In my view, the contemporary art market was invented by two principal protagonists, between whom the exceptional gallery owner René Drouin was the subliminal link. In reality, the direct relations between Leo Castelli and Michel Tapié – the two people in question – were but few and far between.
Castelli, who was briefly an associate of Drouin’s, contributed considerably to the hegemonic expansion of the United States, where he arrived as a refugee at the beginning of the Second World War.
Having been for a time Drouin’s artistic adviser, Tapié, for his part, laid the groundwork for a commercial system which prevailed as long as it remained at the service of the artists – that is to say, up until a recent date at which, by a sort of premature inversion of the norms, certain artists decided to put themselves at the service of the system.
Tapié’s publication Un art autre, written in advance of the 1952 exhibition of the same name at the Studio Facchetti, will for all time be the manifesto of this system.
Over and above the notion of ‘informel’ that he theorises, and which should no doubt be defined (even questioned, if we were art historians – which at the gallery we are not!), Tapié has at his disposal – first with Drouin, then Facchetti (Studio Facchetti), Larcade (Rive Droite Gallery), and Stadler (Stadler Gallery) – a set of rules that we would today call ‘marketing’. By these rules, art was destined for the international stage, where the curator was supposed to guide tastes and forge links between artists, dealers, collectors, and institutions, and where publicity and public relations (underpinned by the publication of catalogues-cum-art books) and exhibition design, as well as the propagation of press articles, would also be the tools used for the essentialisation of criticism as the cornerstone of the objectification of a creativity revealed and of necessity destined for posterity.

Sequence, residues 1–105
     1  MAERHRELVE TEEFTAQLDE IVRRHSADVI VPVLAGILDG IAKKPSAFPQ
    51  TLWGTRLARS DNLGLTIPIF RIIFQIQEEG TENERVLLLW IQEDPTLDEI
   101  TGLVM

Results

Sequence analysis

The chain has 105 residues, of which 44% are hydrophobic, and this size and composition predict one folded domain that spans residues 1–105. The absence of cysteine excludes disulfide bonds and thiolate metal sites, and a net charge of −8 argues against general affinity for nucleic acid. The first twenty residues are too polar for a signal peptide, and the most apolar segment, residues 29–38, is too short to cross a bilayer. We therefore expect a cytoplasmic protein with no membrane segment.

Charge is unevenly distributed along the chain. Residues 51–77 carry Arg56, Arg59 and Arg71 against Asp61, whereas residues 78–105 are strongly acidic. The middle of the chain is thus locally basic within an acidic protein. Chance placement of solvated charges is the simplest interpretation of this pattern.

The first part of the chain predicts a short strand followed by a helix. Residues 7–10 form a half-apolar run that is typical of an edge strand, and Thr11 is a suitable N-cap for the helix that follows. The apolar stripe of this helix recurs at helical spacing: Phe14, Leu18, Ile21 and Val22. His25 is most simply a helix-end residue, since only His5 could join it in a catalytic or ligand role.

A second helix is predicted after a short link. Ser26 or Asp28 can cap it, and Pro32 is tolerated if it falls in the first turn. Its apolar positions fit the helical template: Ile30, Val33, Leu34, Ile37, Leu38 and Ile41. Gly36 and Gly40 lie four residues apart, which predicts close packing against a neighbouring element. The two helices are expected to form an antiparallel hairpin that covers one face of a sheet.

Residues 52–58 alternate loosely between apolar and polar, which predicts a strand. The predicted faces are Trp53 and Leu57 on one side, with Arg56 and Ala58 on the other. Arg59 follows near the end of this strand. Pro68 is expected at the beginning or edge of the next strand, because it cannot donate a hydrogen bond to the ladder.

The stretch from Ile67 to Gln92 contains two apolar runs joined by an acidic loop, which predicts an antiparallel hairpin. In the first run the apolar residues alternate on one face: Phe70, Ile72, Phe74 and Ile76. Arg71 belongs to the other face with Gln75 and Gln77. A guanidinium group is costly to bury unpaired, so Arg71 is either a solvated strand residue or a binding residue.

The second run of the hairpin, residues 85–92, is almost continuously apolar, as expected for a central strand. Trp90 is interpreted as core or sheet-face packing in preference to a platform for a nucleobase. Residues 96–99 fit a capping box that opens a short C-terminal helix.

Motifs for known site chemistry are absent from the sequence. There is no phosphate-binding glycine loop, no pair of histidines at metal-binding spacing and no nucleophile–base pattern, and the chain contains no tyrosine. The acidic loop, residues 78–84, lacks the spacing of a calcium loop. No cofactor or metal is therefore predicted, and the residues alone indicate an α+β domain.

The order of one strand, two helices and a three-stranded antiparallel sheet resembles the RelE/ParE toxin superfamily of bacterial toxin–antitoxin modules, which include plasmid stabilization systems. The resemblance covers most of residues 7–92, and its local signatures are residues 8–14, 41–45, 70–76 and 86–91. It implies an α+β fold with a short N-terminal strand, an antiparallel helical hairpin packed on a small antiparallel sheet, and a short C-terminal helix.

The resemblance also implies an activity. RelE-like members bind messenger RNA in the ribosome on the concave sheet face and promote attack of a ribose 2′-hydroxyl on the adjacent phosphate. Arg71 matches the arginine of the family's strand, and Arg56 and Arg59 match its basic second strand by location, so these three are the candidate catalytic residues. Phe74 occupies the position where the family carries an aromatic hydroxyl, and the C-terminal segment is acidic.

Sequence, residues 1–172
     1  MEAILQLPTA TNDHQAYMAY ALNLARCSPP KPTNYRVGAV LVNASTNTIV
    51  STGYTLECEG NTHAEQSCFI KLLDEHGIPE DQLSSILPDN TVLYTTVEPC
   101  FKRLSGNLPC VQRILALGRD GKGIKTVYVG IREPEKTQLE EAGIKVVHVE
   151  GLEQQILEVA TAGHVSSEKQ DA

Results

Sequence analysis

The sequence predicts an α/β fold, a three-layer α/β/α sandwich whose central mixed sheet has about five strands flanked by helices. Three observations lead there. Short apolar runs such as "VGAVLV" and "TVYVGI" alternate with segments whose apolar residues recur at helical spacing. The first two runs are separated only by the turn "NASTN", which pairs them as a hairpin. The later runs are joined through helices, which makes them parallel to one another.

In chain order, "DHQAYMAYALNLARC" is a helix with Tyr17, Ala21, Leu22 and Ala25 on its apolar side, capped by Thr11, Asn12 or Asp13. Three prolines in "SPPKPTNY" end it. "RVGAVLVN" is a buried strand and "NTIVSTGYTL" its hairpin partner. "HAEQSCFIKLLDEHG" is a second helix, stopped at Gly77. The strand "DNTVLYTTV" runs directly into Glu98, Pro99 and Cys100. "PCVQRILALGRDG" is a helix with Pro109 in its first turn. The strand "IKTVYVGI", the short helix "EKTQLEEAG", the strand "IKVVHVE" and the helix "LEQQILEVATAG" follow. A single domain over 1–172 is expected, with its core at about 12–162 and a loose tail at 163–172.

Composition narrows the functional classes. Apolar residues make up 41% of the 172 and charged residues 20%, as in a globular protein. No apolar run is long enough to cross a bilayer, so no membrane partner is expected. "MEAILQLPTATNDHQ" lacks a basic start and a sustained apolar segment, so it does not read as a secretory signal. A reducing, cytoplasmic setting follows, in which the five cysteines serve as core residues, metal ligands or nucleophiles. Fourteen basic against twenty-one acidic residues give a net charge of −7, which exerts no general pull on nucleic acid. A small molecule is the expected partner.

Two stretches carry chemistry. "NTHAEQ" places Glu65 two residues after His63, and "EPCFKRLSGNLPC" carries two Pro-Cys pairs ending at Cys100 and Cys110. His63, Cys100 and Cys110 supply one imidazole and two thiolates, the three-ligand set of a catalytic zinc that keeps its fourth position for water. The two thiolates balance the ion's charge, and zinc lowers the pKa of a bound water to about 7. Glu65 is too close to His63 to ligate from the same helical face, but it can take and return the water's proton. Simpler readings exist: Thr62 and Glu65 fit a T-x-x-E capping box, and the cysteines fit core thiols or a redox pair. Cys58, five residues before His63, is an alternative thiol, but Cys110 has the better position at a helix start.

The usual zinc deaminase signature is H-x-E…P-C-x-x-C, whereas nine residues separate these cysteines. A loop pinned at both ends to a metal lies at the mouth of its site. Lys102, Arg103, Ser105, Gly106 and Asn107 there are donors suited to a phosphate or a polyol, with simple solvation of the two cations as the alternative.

Objectification? I might as well confess that it was neither Tapié’s critical apparatus nor his literary style that led me to foresee the tenor of this exhibition.
Posterity? Of the more than 180 artists said to populate ‘Tapié’s stable’, and whom Juliette Evezard identified for her thesis, many have been lost to memory. More or less than usual? I can’t tell.
As for Tapié’s capacity for having identified and sometimes made famous a few of the most important visual artists of the twentieth century, it seems to me that he had very few alter egos.
It is to this Tapié, to this ‘Great Eye’ if ever there was one, that through this (hopefully rigorous) selection of works by artists dear to us – a painter per painting – we desired to pay homage in an exhibition to be held at Fiac from 18 to 21 October 2018, then at our Rive gauche gallery from 27 October to 22 December 2018.
A catalogue will be co-published with Skira. Three very detailed essays written by Juliette Evezard, Ph.D. in the History of Art, Baptiste Brun, Ph.D. in the History of Art, and Edouard Lombard, Director of the Comité Georges Mathieu will be included in this book. My three forthcoming posts will propose a preview of these texts…
Le grand Œil de Michel Tapié, 80 pages, 29 €, Co-publishing Applicat-Prazan / Editions Skira Paris, Design Communic’Art, Distribution Editions Skira Paris
© Applicat-Prazan, © Éditions Skira Paris, 2018
ISBN 978-2-37074-086-1, Registered May 2018, Printed in Belgium by Geers Offset, Photos © Art Digital Studio, Photo cover © Arnold Newman/Getty Images
 Juliette Evezard, ‘Un art autre: Le rêve de Michel Tapié de Céleyran, il profeta de l’art informel (1937–1987): Une nouvelle forme du système marchand – critique’, thesis defended 16 January 2015, supervised by Th. Dufrêne, Université Paris-Ouest-Nanterre-La Défense, forthcoming.